You know, it happens every year about this time. I look around an’ see the same things goin’ on. Fields and fields of critters battling the elements, even whilst I enjoy the warmth inside my house or car. Some days, I see only one or two four-legged beasts, surrounded by nuthin’ but fields of white; snow, snow an’ more snow. Other times, I’m convinced there are thousands of animals, roaming miserably back an’ forth. Around here, most of the population is either cattle or horses. In other areas where I’ve lived it might be sheep, goats or even those funny little creatures called llamas. The struggle is still the same, wherever life goes on. Rain, snow, hail or sleet; it can’t be comfortable havin’ to be out in it, twenty-four hours a day.
‘Course, I could be judging this situation all wrong. Maybe alla’ those critters actually enjoy the various changes in Mother Nature’s moods. I certainly enjoy every seasonal change – – – watching from inside my house. But maybe horses an’ cows look forward to the seasons the way some people look forward to a different kind of dinner. I dunno’; I s’pose it’s possible. I always imagine how I would feel if I hadda’ stand out in the rain an’ snow. Lemme’ tell you; if I were a baby cow, I have a life-size image of how contented I would be, in the same situation.
Picture it: I am a brand-new baby cow, born only moments ago, inside a nice toasty barn, with my mama cow to cuddle up to an’ hay to keep me warm. Every meal is supplied at my behest; warm an’ given with love. My daddy cow is standin’ sentry at the door, so’s nuthin’ can hurt me. I am a happy, happy camper.
Life is good in my new home. I am well cared for. Mama an’ daddy even incorporated help from a farmer to make sure that I am happy. All is going well, until the farmer gets an idea. He thinks that I should move outta’ the barn an’ into the pasture. WHAT?!? Does the good man know what’s out there? Does he realize that somethin’ funny is falling from the sky? Somethin’ wet an’ cold? Does he care? Yes, I know you ladies do your share, but let’s give the men a well-deserved pat on the back.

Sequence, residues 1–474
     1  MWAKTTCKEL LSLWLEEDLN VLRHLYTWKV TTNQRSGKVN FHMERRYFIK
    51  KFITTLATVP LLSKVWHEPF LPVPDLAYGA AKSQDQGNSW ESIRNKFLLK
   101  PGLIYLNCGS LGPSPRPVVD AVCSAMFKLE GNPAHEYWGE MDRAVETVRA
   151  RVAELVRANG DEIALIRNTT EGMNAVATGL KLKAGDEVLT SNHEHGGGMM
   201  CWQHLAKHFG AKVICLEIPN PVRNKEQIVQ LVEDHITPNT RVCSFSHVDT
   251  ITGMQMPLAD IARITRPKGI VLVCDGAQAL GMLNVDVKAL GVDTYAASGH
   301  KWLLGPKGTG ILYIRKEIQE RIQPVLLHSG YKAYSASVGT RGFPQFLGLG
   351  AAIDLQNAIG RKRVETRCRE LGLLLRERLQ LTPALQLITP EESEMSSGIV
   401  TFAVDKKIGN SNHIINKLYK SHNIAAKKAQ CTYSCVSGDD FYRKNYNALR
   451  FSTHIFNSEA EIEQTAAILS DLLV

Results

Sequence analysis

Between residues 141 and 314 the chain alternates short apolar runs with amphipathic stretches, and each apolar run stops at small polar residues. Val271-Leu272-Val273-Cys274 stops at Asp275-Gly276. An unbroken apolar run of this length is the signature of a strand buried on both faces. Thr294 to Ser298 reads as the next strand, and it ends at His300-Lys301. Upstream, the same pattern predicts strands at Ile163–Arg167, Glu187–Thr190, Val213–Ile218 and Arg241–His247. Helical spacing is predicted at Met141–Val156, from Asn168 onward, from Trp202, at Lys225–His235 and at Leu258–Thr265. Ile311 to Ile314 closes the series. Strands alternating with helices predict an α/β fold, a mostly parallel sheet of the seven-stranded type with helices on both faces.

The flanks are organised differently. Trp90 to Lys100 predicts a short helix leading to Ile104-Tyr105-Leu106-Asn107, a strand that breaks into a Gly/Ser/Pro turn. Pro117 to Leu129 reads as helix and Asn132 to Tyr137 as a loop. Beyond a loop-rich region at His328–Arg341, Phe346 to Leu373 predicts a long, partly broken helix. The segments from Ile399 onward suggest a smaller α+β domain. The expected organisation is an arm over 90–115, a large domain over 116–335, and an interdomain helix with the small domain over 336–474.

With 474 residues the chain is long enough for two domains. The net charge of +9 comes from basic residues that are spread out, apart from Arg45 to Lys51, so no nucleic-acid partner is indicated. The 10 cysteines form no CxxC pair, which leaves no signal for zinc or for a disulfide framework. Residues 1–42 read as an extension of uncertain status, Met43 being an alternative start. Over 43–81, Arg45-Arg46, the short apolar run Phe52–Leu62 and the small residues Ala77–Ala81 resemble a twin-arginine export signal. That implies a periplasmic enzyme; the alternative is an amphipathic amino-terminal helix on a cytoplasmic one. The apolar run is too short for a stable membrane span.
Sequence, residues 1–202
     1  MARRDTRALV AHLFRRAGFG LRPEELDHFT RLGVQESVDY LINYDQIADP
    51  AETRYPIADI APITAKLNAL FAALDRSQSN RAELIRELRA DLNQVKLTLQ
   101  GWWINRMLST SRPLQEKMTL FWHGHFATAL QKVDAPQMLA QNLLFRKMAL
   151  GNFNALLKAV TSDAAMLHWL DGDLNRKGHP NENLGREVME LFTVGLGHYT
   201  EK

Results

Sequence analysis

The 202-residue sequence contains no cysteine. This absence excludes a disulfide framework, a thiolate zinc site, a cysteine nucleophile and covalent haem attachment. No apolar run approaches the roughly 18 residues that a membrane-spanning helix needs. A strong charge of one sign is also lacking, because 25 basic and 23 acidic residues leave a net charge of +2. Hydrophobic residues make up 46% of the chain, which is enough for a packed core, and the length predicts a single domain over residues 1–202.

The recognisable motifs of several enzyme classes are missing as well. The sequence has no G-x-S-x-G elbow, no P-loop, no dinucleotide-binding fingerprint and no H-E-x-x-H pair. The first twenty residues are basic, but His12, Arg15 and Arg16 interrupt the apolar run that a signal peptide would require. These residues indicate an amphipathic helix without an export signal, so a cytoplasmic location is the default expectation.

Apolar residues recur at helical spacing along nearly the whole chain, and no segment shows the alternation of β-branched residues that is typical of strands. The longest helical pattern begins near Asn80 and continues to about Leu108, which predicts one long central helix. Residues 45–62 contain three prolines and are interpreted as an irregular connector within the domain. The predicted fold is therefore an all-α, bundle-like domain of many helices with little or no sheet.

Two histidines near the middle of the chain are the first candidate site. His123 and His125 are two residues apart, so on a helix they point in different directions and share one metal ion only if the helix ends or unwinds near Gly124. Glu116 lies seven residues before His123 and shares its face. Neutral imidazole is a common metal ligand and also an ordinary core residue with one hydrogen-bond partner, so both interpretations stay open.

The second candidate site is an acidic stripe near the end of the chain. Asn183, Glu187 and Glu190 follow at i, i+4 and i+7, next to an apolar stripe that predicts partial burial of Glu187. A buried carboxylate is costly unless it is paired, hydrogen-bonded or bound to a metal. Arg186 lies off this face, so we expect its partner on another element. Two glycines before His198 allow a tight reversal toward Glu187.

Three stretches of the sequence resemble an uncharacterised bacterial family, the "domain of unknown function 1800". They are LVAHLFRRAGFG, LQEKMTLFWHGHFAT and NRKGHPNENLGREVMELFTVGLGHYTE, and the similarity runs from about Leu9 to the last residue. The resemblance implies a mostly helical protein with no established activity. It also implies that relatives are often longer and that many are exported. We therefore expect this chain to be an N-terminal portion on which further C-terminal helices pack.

Now, don’t get me wrong. I happen to have it on good authority that farmers are amongst the most caring folks who chat with animals. In fact, I’ve seen my own good hubby-buddy go to great extremes to make those babies comfortable. True; he’s not what you might call a traditional farmer, but I’m pretty sure he represents the general population of care-givers; whether that be in the human world or the animal kingdom. An’ I’ll tell you a little secret if you promise to keep it under your hat. There may have been a time or two when I’ve been compelled to throw a blanket on a cow an’ a pillow nearby to rest her pretty head. ‘Course, I realize that may not be ideal when you have more than a few to possibly thousands of head of livestock.
Which brings us
back to the subject of this discussion; why the proverbial cow jumped over the moon. As I said earlier, my own contentment ties in strongly with how comfortable I am. If I were a new baby cow, bein’ cast to the elements as it were, I’m sure my sense of contentment would be greatly improved by the occasional pat on the head or a blanket to warm myself. An’ I would d
efinitely not be adverse to receiving a good, thick pillow for my head. Come to think of it, I’ve noticed that farmers an’ ranchers do a lot to make sure their charges are comfortable. That’s pro’lly why so many of those cows jumped over the moon; to get back home.
Until the next time, keep a hug on.